Searching for some fiction writing advice? Look no further than Bob Mayer, a man with many accomplishments. Mayer has written more than 35 novels, has been on just about every bestseller list out there, and is now with his fourth literary agent.
He presented at the HAWC this past weekend; here are some of his precious nuggets of wisdom for fiction writers:
- If you're writing genre material, it's probably best to "frontload" the work, meaning you can outline heavily before delving into the work.
- Don't start your query letter with "I've just written a novel..." The agent realizes this.
- Know the difference between lecturing the reader and entertaining. "As fiction writers, we are entertainers," he says.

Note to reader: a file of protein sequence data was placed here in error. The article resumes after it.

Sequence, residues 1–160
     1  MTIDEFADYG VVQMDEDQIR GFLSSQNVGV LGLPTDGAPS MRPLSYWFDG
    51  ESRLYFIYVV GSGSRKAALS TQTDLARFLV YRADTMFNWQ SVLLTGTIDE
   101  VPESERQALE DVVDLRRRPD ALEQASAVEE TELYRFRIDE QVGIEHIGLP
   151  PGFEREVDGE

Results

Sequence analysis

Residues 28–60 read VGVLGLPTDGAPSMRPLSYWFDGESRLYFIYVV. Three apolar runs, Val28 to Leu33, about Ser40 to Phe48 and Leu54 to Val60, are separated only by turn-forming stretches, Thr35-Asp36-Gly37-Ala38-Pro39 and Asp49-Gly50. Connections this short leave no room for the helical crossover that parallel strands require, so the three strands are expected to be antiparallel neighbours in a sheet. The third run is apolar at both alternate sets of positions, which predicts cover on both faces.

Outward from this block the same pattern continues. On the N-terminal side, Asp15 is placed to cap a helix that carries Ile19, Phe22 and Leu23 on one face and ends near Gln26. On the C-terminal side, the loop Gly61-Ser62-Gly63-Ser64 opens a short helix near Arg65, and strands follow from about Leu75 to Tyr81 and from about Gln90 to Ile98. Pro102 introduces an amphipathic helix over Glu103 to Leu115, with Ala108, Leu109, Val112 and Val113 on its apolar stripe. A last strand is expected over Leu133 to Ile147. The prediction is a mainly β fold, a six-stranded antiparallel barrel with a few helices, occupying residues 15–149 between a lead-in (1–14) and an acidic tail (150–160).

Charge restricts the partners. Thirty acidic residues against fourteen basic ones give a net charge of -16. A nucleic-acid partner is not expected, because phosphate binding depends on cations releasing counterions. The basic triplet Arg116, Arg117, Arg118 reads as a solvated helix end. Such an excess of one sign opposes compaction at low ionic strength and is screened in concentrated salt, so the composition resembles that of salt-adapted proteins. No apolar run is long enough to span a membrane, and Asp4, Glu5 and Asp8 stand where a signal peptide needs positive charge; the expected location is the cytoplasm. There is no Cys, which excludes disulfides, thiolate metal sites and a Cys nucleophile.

- Writers often don't sell their first novel because the story is about the writer's life and problems. "First novels tend to be blood-lettings," he says, "and they're focused on you, not the reader."
- Agents look for solid characters in fiction work. To demonstrate this point, Mayer brought up the TV show, "The Closer," which is essentially just one of countless cop shows, but succeeds because of great characters.
- The protagonist must be reluctant to get involved. They should also be likeable and interesting, but also different and flawed.
- Give your work high stakes. What will happen if the protagonist fails?